This October I joined the Birmingham Repertory Theatre on their production of Rebel Music, a play that dramatises the genesis of the Rock Against Racism movement and subsequent rise of 2-Tone music in Birmingham in the late 1970s.
After a week working with the production team, assisting the music supervisor and sound designer with recording and editing duties, I went on to operate sound for the show’s initial run at The Rep, followed by a three-week tour around the communities of Birmingham and its surrounding areas.
It’s the sweltering hot summer of 1976. The country is in economic turmoil. The far right is on the march. Rock Against Racism puts white punk bands and black reggae bands on the same bill – determined to win the culture war and defeat the National Front.
Three teenage music fans, Denise, Trudi and Andrew, join the fight for the soul of working class Britain. The trio navigate racial politics and social upheaval in Birmingham alongside their own turbulent teenage years. Can their friendship survive?
The new play from Robin French (BBC’s Cuckoo) and JMK Award-winning director Alex Brown is a celebration of the diverse musical legacy of the Midlands. The REP have united with award-winning gig theatre specialists Middle Child (All We Ever Wanted Was Everything) for this raucous story of people power, set to a soundtrack of Punk, Reggae and 2Tone. Join the rebellion.
I had the pleasure of collaborating with the Shooting Fish Theatre Company again recently, designing sound and music for the production of The Murderess—a Victorian thriller that tells the story of Margaret as she confesses her sins to a ghost-writer from a prison cell on the eve of her hanging.
For this article I wanted to try something a little different and instead, as the title suggests, talk more about my approach to the preparation and planning for the project while interspersing with examples of the music I created for the production.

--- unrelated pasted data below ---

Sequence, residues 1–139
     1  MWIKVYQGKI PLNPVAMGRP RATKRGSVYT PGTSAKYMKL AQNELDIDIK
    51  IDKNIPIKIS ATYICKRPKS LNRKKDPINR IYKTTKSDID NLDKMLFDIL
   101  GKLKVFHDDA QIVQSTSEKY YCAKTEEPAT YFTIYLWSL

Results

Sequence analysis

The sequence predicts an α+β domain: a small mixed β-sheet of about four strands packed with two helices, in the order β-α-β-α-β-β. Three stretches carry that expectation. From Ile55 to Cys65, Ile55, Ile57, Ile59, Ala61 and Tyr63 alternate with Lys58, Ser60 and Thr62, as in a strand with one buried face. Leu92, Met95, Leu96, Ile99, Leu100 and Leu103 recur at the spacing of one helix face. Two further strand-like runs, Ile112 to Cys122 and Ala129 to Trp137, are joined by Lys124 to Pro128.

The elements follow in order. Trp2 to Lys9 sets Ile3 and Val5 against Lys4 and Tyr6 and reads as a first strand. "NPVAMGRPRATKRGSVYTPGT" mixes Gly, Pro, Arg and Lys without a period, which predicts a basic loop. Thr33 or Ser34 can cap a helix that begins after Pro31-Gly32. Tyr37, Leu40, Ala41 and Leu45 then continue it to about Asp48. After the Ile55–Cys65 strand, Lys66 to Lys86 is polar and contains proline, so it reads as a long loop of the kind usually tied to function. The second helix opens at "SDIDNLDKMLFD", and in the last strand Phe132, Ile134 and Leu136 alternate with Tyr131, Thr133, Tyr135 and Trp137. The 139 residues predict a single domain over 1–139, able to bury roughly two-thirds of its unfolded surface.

One aspect of being freelance is the need to be self-motivating and organised, and with projects made up of so many small parts, such as sound effects and musical elements, it is useful to have a birds eye view in addition to the smaller, individual details. Having a road map ahead of time can certainly help to keep track of both specific items and overall progress.
My approach is based on past experiences and my own tendency towards order and logic as means to minimise stress and oversight, allowing me to get on with the job of being creative without the niggle of some potentially missed item. This process is one that has evolved with me over time and can be adapted to meet the specific requirements as I move from one project to another.
First Impressions Before any work can begin, I first need to understand what it is I’m working on. In the case of The Murderess, that started with the script. The first read-through allowed me to get a feel for the story and enjoy the plot, as any reader would, before even thinking about sound. It was a chance to familiarise myself with the overall tone and set my subconscious mind to work. For the second read, I went through the script scene-by-scene and made notes of any ideas that came to mind against specific lines or directions so that I had at least a few ideas to bring to the table for the next phase.
Spotting The term spotting is one I borrowed from audio post-production, whereby the audio team will meet with those concerned, such as the director, for a spotting session and go through the program or film to discuss sounds to be added in post.
Similarly, for The Murderess I met with the director over Skype and we combed through the script highlighting areas requiring sound or music and discussed what was needed.
Collating Spotting invariably results in a lot of scribbled-down notes strewn across multiple pages of script and so now it was time to organise these into a neat checklist that I could access at a glance. For this task I used a spreadsheet and listed all the required elements from the script, with separate sheets for sound effects and music. I included the scene and page numbers before every item so that I could quickly reference the script again if needs be, and I included detailed descriptions for each list item as well as any notes on sound sources or methods that will aid in achieving the finished sound. I also utilised a colour-coding system to keep track of where I was with any particular sound; such as in-progress, completed, and delivered. I actually get a lot of satisfaction working in this way—perhaps from a life of watching on-screen progress bars fill up to herald a task’s eventual completion! The spreadsheet also helped to keep track of feedback on sounds and to record any changes required.